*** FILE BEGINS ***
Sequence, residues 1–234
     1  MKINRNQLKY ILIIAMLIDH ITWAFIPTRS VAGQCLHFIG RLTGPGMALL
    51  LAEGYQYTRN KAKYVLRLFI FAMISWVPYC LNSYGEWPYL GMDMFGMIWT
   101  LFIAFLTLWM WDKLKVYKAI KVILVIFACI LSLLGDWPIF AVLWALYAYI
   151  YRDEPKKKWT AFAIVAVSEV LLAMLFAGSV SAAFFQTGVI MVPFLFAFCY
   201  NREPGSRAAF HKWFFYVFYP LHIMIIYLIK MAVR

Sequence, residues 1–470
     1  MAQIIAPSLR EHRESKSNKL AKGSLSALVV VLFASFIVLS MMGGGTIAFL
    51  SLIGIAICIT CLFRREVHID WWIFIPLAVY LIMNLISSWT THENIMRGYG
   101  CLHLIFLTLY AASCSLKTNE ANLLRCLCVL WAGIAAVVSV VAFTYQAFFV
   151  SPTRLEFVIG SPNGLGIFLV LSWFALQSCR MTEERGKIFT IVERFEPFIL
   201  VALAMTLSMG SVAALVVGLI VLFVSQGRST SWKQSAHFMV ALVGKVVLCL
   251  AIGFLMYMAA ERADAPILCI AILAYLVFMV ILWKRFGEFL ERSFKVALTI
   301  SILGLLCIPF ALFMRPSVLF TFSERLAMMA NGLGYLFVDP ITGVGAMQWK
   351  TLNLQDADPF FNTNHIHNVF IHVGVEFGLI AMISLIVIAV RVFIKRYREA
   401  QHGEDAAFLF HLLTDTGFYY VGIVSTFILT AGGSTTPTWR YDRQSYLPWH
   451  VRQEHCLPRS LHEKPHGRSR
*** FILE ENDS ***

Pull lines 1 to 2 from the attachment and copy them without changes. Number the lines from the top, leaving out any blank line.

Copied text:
Sequence, residues 1–234
     1  MKINRNQLKY ILIIAMLIDH ITWAFIPTRS VAGQCLHFIG RLTGPGMALL